BOTTER’s second work deals with the evolution of movement. He invites us to consider an alternative to the way we understand the movement today. The sculpture appears as a kind of recycled plastic capsule. A large transparent mold, inspired by a toy box, encloses a void in the life-size figure of a human being. Seeming to emerge from another dimension, the work offers an alternative to the familiar. In this sense, BOTTER creates a mold of what could happen, an empty space that we can fill with our imagination.

Claudia Rafael questions the societal potential of technological innovation.
For Tales from a Neo Collective Future Claudia Rafael explores the profoundly human capacities of technological innovation. Throughout the duration of the exhibition, the artist collects images from visitors on site. By modifying these images with his facial filtering technique and integrating them with an ever-growing data set, the artist creates a portrait of all participants with Artificial Intelligence. Over time, an image is created that symbolizes all visitors to Neo Collective. They can interactively experience the process of capturing the face filter by adding their image to a collective portrait that will emerge at the end of the exhibition. During the program, visitors can see the image evolve in real time. This collective image illustrates the contradictions of digitization: its anonymity and its intimacy.

Anna Deller-Yee empowers collective movements using a human touch.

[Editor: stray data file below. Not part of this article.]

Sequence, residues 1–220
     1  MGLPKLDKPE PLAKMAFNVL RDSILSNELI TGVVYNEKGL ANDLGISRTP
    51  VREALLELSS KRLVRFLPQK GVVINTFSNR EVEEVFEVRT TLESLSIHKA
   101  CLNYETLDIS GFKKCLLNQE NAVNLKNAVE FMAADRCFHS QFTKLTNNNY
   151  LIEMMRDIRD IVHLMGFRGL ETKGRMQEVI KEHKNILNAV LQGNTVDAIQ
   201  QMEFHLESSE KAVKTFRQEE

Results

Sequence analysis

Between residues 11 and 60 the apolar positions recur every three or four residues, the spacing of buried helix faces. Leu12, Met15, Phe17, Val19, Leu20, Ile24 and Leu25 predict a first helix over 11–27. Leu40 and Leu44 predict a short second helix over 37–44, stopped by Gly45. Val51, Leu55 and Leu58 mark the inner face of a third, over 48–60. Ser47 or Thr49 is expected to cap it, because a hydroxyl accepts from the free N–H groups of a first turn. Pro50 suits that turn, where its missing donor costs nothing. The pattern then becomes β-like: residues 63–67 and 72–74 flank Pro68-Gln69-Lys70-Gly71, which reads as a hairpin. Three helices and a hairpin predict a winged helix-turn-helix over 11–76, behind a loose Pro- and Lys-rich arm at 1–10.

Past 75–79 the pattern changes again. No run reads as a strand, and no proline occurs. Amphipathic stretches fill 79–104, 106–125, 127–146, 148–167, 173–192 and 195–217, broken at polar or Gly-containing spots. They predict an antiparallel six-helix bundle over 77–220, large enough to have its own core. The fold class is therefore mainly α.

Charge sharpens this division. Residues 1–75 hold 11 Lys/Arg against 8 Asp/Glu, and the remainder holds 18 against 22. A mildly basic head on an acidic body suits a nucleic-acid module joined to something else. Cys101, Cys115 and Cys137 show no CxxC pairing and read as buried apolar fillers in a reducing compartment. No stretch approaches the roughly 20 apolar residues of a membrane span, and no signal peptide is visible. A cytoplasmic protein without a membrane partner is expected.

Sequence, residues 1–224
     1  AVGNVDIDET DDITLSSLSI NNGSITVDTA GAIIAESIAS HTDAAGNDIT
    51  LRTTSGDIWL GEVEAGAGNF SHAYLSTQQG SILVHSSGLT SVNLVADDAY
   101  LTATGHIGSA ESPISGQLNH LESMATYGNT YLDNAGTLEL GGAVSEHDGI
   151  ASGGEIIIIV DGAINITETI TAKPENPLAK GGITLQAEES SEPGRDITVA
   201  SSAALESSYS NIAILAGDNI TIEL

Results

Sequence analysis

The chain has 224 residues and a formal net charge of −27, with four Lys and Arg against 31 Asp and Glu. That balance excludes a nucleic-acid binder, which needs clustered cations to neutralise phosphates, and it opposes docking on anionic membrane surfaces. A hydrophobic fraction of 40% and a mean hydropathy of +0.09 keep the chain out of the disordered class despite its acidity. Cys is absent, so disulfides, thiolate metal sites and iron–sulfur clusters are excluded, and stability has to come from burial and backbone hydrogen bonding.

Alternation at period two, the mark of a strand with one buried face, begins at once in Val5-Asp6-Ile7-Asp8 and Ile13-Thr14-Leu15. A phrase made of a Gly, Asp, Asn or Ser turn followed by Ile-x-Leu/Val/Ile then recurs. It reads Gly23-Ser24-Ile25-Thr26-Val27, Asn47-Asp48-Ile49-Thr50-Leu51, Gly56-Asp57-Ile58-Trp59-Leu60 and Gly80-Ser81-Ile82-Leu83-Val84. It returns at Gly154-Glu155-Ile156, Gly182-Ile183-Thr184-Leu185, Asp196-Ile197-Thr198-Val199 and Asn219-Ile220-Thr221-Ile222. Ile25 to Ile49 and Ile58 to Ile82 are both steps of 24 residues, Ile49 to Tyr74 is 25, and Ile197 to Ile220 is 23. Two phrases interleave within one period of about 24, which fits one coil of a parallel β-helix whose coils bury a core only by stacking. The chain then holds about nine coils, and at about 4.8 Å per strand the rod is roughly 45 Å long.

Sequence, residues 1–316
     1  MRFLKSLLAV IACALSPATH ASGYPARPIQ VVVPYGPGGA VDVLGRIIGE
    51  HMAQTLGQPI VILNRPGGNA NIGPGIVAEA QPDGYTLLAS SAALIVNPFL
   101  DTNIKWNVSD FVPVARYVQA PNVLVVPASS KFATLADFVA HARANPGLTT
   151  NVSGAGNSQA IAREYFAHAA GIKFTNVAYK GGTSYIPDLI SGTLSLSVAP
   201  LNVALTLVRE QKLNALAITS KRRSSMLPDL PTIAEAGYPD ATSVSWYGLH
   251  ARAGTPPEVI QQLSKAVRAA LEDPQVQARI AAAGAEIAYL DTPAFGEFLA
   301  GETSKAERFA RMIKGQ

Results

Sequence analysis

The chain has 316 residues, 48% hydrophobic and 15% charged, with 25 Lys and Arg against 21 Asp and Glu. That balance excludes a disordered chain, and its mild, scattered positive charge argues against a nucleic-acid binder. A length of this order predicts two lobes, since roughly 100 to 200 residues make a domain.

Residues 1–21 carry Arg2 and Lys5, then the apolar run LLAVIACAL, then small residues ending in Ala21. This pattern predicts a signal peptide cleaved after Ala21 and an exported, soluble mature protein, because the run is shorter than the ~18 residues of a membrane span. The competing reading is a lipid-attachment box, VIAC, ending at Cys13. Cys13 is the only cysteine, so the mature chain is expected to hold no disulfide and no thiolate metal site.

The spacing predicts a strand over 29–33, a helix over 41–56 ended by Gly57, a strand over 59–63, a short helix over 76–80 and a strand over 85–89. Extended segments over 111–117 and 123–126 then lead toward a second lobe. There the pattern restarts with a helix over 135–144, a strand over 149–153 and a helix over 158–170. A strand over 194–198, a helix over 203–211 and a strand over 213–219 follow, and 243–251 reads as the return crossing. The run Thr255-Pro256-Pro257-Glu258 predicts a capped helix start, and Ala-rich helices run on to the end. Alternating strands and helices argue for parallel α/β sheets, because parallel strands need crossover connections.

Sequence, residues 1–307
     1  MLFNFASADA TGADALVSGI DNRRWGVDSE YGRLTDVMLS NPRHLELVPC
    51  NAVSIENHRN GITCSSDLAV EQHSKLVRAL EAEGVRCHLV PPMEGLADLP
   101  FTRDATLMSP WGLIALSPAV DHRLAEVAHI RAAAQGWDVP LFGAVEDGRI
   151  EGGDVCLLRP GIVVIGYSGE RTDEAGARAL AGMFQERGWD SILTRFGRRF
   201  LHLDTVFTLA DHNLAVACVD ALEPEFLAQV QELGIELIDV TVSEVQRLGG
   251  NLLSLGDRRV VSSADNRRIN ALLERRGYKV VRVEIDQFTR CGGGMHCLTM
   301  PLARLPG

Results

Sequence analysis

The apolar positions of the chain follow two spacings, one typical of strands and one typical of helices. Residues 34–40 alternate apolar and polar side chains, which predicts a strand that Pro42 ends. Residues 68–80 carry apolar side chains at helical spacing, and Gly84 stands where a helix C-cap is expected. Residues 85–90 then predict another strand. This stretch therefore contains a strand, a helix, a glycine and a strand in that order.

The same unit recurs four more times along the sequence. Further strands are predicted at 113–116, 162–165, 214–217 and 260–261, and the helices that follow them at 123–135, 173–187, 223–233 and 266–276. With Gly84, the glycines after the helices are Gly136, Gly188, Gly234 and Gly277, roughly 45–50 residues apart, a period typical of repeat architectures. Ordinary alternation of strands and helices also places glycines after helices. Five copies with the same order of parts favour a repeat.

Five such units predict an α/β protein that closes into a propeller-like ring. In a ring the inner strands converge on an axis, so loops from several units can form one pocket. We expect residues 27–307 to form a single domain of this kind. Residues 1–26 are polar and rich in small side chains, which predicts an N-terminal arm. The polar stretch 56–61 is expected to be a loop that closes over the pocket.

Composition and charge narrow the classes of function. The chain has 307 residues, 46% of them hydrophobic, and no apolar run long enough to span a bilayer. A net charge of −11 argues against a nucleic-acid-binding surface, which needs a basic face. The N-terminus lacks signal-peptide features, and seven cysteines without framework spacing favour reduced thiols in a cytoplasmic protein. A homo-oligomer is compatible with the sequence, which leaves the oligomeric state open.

Anna Deller-Yee uses the SMELL OF RAIN metaphor for Tales from a Neo Collective Future. In a figurative work, the artist combines painting and embroidery. An ancestral knowledge of craft trades becomes the set of tools to express one’s perception of our society. A large-scale tapestry composed of various materials expresses how human contact can empower collective movements, especially in the digital age.

A rich and varied program transforms the BMW House into an Open House.
A variety of design events, performances and talks between Mike Meir and BMW Design chief Domagoj Dukec, and with artists from the collective, will also take place over the six days of the show. Additionally, in an example of sustainable production at work, a miniature version of the BMW i Vision Circular BMW Group Design’s circular vision will be created live and without any waste during the week using a 3D printer. .
Michelle Elies Cooking Experience places a collective ritual center stage: the shared experience of cooking and eating. And Mike Meirs’ Lab to Market installation here also tells the story of the bustling chaos of a market, with all its flavors and aromas, meeting the artificial. technological control of a laboratory.

The Maison BMW will present the artists’ work at Via Verri 10 in Milan from June 7 to 12: In residence Mike Meir Tales from a Neo Collective Future.

You can find the latest information about the program here.

The BMW Group

With its four brands BMW, MINI, Rolls-Royce and BMW Motorrad, the BMW Group is the world’s leading manufacturer of premium automobiles and motorcycles and also provides premium financial and mobility services. The BMW Group production network includes 31 production and assembly sites in 15 countries; the company has a global sales network in more than 140 countries.

In 2021, the BMW Group sold over 2.5 million passenger vehicles and over 194,000 motorcycles worldwide. Pre-tax profit for the 2021 financial year was 16.1 billion on revenue of 111.2 billion. As of December 31, 2021, the BMW Group had 118,909 employees.

The success of the BMW Group has always been based on long-term thinking and responsible action. The company set the course for the future early on and consistently places sustainability and efficient resource management at the heart of its strategic direction, from supply chain to production through the end of the production phase. use of all products.